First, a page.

One of the first things that we learned about doing a collaborative buddy inquiry project is you need TIME. It needs to begin with teachers taking time to discuss what the visions are for the project. Teachers need to decide on common goals and hold similar values for the project to be a success. With busy schedules and workloads, time for teacher collaboration needs to be built in systemically. It is not practical to add another time taking component to teachers’ days, and discussing the project on a Saturday night via Edmodo may not appeal to some teachers. We also learned that it is helpful for teachers to have a similar investment in the project. In their study of teacher inquiry in professional development, Butler and Schellert (2012) found “time, resources, and structured opportunities for collaboration,” as well as “like-minded colleagues with common goals or values” were key to successful collaborative inquiry (1216). Teachers need to agree on how much time will be committed to students working on the project and if time will be given to students outside of the initial plan for a once a week meeting. Teachers also need to decide on how the meeting times will be best suited for scaffolding student learning.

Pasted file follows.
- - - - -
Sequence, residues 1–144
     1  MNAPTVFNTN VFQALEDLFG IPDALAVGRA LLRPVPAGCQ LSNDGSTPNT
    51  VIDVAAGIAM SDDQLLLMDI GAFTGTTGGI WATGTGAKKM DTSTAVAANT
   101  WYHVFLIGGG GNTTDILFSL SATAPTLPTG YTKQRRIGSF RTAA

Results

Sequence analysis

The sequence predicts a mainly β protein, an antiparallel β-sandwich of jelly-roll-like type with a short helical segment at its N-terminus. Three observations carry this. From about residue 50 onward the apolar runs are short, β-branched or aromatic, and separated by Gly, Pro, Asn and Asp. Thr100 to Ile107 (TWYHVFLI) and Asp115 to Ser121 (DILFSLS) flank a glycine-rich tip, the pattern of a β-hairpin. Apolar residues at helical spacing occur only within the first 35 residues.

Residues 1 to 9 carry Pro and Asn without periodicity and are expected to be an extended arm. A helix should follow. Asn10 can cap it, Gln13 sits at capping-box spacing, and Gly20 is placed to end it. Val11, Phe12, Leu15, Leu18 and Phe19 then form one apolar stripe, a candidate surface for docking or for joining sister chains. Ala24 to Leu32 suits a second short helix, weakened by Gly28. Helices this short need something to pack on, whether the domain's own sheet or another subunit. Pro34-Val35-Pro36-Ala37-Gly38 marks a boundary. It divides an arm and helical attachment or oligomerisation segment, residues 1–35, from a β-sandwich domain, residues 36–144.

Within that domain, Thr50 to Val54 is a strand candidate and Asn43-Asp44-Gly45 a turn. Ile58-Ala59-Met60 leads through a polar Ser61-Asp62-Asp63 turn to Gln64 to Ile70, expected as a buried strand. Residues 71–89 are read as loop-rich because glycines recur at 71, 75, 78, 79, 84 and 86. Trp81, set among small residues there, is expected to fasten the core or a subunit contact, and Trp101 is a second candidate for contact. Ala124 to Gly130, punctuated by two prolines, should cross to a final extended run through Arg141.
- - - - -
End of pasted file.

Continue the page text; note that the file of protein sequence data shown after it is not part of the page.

**Excerpts and research taken from Bonny Kelly's Masters thesis.
Also check out the references we used to support our findings.